The incremental approach envisages a two-pronged strategy: One, to bring about academic and administrative changes in all the 85 schools at the same time. This includes providing to all schools alternative textbooks, training of teachers, introducing sports, art and other activities, hiring new teachers and building additional classrooms where needed, providing drinking water and improving toilets, establishing a code of conduct (eg, punctuality, no corporal punishment, taking care of personal hygiene), establishing Student Governments and starting horticultural societies. All these changes have already been implemented in the 85 schools.

Two, in phase 1, two schools have been identified as core schools: The Faiz Ahmed Faiz School, which has already been constructed and started funtioning in January 2012, and the Amna Girls School, which is under construction and will be operative by April 2013. These two schools serve as prototypes for the rest of the schools. These core state-of-the-art schools are comparable with some of the best in the private sector. Each year a large state-of-the-art school will be added to the Lodhran Schools Reform Initiative.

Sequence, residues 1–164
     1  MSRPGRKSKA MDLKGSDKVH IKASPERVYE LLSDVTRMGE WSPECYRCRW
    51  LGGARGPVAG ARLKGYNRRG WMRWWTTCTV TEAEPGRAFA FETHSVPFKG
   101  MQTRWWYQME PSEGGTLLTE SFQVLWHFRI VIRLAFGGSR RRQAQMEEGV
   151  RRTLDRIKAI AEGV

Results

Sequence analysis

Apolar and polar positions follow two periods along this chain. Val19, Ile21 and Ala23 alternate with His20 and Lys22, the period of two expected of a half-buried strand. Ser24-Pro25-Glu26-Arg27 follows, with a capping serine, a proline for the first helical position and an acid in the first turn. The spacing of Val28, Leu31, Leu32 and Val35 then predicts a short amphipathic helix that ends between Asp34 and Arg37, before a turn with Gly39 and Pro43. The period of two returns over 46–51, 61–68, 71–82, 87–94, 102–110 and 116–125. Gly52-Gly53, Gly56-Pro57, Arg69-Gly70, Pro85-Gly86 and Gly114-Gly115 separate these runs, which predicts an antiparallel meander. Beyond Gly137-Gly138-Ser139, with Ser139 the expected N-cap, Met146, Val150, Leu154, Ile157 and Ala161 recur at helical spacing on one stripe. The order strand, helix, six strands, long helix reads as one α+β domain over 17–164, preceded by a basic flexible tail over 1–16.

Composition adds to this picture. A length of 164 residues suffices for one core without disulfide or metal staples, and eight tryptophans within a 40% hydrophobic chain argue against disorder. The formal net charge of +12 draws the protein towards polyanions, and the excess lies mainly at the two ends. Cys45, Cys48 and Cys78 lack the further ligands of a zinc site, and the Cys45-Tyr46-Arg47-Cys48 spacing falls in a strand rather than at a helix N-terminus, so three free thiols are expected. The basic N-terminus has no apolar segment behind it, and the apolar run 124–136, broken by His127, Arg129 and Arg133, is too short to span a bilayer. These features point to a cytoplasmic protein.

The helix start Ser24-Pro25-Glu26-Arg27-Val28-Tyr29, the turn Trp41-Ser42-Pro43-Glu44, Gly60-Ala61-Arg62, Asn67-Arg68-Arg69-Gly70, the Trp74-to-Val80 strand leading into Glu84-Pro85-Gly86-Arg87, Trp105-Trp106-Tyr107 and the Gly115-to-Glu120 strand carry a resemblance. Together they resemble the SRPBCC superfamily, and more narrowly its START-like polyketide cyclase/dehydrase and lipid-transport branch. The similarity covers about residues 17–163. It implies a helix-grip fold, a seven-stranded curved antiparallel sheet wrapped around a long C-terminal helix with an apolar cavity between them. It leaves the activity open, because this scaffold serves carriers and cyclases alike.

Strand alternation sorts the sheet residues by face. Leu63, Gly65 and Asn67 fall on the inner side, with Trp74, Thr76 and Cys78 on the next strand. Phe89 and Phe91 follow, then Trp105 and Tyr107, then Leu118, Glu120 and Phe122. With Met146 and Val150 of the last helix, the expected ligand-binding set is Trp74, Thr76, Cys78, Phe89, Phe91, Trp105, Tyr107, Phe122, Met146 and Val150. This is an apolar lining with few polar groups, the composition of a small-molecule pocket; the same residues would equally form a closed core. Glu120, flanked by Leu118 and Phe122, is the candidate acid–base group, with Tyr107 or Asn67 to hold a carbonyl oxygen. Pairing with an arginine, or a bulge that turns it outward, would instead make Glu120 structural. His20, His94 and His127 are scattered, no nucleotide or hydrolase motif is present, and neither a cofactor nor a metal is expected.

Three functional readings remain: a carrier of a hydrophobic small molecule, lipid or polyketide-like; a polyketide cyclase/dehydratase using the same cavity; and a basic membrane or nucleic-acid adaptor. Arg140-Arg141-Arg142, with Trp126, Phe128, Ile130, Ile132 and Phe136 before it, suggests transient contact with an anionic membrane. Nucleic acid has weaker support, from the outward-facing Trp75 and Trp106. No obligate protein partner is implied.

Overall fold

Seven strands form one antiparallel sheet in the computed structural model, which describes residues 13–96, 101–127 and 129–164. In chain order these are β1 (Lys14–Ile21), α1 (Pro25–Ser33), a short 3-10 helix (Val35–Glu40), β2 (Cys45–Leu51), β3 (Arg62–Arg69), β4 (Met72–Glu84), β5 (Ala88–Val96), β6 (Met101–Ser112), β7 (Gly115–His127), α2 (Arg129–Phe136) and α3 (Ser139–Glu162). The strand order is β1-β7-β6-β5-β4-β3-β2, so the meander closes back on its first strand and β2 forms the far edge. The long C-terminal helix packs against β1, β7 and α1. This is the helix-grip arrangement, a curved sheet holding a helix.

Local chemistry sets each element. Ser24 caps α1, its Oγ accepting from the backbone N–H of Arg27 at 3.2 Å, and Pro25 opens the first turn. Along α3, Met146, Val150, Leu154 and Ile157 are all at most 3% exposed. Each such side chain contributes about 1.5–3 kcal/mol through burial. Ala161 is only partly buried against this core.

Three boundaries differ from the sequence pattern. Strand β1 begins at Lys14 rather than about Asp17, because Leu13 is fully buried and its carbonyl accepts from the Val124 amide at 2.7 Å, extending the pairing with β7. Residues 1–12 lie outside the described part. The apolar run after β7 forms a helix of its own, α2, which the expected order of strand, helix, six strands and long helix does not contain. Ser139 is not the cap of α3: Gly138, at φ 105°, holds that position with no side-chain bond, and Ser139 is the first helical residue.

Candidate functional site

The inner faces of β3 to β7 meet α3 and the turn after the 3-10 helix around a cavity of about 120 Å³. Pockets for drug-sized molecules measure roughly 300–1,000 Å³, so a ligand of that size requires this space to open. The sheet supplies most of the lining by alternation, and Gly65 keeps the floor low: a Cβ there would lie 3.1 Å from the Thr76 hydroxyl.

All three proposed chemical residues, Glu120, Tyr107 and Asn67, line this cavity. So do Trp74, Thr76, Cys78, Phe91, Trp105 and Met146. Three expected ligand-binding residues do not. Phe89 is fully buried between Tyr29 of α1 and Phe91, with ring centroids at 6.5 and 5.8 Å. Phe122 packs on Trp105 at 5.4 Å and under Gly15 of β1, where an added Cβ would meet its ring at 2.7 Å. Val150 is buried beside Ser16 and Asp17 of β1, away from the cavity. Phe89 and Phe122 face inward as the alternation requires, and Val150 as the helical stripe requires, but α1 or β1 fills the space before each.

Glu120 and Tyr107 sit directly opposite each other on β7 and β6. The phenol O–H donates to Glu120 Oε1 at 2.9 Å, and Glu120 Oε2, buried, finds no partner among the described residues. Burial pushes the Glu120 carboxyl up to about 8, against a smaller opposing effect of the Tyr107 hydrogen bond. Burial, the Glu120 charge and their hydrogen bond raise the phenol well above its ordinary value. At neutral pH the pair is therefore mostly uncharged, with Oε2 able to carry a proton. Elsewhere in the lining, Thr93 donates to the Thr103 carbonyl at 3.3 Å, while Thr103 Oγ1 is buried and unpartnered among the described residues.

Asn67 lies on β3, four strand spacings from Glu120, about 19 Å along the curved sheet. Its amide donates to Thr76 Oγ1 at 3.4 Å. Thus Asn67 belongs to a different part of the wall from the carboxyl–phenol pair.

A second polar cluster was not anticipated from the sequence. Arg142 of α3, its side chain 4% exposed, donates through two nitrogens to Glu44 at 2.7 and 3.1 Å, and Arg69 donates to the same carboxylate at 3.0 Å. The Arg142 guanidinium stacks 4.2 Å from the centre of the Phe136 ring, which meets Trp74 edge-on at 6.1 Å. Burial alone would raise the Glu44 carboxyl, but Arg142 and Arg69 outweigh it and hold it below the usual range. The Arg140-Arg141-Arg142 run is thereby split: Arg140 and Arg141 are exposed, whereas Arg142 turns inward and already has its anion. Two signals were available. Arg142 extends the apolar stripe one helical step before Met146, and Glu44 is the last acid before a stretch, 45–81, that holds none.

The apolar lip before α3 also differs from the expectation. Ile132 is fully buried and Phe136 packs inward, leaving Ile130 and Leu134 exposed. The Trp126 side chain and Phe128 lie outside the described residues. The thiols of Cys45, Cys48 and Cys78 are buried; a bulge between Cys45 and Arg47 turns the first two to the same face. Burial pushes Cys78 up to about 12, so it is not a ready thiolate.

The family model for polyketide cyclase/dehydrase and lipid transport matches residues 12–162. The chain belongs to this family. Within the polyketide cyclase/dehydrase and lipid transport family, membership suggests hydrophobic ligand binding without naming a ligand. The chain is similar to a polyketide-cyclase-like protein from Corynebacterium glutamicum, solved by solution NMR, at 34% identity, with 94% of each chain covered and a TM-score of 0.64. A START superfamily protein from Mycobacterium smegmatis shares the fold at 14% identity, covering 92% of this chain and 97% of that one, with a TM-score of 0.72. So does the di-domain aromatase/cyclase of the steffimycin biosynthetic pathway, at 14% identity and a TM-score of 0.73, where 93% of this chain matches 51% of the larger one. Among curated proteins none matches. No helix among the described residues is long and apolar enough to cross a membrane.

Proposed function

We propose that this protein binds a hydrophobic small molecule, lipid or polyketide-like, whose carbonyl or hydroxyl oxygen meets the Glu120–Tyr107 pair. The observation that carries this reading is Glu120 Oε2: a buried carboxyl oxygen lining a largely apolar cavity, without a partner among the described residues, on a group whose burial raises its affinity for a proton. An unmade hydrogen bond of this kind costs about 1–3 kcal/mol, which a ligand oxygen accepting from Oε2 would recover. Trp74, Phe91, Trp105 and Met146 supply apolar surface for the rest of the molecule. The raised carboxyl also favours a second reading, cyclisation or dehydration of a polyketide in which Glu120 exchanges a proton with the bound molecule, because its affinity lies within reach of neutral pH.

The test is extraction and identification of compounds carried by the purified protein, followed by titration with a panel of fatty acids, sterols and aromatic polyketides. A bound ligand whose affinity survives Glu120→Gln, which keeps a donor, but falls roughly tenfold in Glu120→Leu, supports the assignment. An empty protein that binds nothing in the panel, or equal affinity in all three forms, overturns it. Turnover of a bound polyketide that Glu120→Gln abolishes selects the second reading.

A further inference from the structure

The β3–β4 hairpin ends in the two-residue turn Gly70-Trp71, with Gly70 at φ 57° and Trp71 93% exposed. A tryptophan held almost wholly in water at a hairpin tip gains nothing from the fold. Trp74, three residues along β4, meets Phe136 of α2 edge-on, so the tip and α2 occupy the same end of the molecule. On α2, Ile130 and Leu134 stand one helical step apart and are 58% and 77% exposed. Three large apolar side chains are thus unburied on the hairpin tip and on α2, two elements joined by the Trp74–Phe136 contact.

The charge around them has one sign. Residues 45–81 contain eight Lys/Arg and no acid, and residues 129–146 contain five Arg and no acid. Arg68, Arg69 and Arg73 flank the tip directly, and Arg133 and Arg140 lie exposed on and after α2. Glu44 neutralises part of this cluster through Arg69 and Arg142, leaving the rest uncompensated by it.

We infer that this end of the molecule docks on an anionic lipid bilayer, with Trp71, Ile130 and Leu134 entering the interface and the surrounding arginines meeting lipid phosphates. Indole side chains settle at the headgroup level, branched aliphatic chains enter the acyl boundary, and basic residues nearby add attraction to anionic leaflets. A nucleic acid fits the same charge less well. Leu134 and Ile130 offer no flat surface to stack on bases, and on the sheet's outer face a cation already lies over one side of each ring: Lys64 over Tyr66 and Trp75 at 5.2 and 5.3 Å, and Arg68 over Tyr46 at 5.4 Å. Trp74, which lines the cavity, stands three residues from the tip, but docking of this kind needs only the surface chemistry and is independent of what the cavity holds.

the new programme of studies

In redefining the objectives of school education in Lodhran, the number of subjects taught in the younger classes have been reduced, and focus has been placed on developing analytical skills of children. For a few subjects, sub-standard government-prescribed textbooks have been replaced by modern, more attractive and child-friendly textbooks. A number of new programmes have been introduced, both at the level of the curriculum and teaching method, as well as in administrative procedures.

The new curriculum

Bookgroup books have been introduced from KG to Class 8 in most of the 85 schools for teaching of Urdu. Heinemann Maths for teaching of mathematics has been introduced in classes 1 to 2. Each year a new class is added for teaching of Heinemann maths, so that teachers are trained in teaching a modern maths programme. Books from Oxford University Press have been introduced for teaching of English. All books have been supplied free of cost to students by the TEF.

Six books have been translated from Urdu into the local Seraiki language by the Bookgroup. When these Seraiki books were distributed to the children, the teachers, students and their parents were taken by quite a storm. For the first time, a very small beginning had been made to provide children delightful books written in their native language. The Bookgroup will continue to translate more books into Seraiki for children each year.